The California Car Buyers’ Protection Act of 2009, appears to protect
car buyers; however, it may, by extension, end up hurting car buyers.
By presenting greater leeway to punish auto sellers, if fewer auto dealers
are willing to sell cars in California and become more risk-averse,
buyers may be adversely affected, as well.
The bill would “make it unlawful for a
dealer who purchases a used vehicle with a balance due to a secured
party to fail to pay off the entire balance prior to transferring or
selling the vehicle and would increase he amount of a dealer’s bond
from $50,000 to $100,000.”
Primarily, the bill seeks to ensure that
car dealers are not unduly selling cars with hidden debts, and seeks
to protect those deemed most at-risk when trading in and selling cars.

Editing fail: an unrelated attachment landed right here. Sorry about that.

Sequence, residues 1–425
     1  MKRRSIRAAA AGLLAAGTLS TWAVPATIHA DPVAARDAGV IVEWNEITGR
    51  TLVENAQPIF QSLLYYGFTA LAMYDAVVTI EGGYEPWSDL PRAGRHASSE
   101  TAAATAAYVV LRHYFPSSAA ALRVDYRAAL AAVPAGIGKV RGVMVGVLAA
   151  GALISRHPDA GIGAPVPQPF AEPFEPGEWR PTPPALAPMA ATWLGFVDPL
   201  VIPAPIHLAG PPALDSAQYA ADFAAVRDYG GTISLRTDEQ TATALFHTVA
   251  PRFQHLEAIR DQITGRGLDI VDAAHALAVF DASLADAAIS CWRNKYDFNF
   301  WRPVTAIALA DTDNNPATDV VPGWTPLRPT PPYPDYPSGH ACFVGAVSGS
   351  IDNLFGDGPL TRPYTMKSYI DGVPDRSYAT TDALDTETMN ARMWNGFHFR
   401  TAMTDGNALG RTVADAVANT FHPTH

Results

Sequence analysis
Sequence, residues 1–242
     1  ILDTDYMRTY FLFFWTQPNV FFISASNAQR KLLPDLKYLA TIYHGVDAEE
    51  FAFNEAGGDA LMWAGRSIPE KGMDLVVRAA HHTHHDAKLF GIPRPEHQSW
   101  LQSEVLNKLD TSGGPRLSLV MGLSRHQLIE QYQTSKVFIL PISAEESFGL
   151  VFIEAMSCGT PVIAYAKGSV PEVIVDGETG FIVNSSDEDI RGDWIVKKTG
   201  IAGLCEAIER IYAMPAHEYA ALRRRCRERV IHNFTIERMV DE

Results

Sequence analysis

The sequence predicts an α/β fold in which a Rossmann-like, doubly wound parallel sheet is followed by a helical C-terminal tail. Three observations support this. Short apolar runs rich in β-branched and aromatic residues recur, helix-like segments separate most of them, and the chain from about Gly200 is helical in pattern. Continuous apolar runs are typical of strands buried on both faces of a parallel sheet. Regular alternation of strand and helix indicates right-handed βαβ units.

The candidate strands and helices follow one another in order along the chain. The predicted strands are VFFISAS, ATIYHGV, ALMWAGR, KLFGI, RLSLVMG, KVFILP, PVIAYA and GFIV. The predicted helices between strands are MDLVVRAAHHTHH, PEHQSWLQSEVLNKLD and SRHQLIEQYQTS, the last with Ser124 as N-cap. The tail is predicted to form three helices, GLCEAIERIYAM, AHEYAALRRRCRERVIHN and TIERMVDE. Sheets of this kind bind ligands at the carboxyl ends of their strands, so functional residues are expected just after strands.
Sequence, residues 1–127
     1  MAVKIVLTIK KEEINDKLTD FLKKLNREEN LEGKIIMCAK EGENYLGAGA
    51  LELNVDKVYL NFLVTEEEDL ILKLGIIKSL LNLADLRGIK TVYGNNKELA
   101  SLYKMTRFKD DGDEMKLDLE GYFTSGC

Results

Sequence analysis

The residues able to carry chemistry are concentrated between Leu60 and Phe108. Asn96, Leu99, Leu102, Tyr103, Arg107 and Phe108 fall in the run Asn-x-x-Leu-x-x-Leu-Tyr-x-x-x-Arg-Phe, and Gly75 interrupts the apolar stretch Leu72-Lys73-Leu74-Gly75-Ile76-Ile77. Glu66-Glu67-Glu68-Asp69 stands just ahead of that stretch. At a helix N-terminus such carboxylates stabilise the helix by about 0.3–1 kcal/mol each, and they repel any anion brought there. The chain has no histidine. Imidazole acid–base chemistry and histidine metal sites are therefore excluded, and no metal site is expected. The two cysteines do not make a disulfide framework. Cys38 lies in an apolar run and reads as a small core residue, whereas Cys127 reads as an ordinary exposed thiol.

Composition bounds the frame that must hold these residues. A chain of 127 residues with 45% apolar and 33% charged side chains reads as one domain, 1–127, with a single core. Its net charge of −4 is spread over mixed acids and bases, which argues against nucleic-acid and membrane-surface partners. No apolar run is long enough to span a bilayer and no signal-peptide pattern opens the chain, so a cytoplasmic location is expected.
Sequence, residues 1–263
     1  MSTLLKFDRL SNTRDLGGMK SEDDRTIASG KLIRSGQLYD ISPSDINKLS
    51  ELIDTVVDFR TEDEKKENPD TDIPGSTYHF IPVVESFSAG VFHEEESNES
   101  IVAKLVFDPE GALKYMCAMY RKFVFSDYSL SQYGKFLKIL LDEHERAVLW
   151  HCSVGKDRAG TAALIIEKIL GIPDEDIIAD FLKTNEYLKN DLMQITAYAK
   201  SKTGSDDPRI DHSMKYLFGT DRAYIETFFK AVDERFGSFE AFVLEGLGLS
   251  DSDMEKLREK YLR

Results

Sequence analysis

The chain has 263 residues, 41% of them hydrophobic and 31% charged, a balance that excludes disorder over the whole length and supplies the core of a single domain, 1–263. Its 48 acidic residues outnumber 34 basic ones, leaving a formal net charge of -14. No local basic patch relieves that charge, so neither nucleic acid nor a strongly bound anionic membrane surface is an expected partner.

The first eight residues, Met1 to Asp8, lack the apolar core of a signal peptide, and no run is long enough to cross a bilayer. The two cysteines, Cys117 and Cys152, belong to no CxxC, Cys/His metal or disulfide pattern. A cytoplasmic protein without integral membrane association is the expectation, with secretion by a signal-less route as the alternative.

However, if a car buyer can prove (or at least claim) that they were
“deceived” by a car seller, this bill may provide steadier ground
for buyers to bring action “against the dealer, his or her salesperson,
and the surety upon the dealer’s bond for actual damages plus any
incidental and consequential damages.”
The impetus for the bill is
explained as such: “During the past year at least 480 new and used
licensed auto dealerships have gone out of business in California, far
more than in any other state, and it is project that the numbers will
continue to accelerate for the foreseeable future,” and while “the
current federal assistance fails to provide any relief for car buyers,
while providing taxpayer dollars to assist the auto manufacturers, dealers,
and workers who are seeking assistance from the American public… it
is ultimately car buyers who will determine the fate of our domestic
auto industry by buying cars.”
A number of high profile California
agencies, including the California Statewide Law Enforcement Association
and Consumers for Auto Reliability and Safety, have expressed optimism
and support for the bill.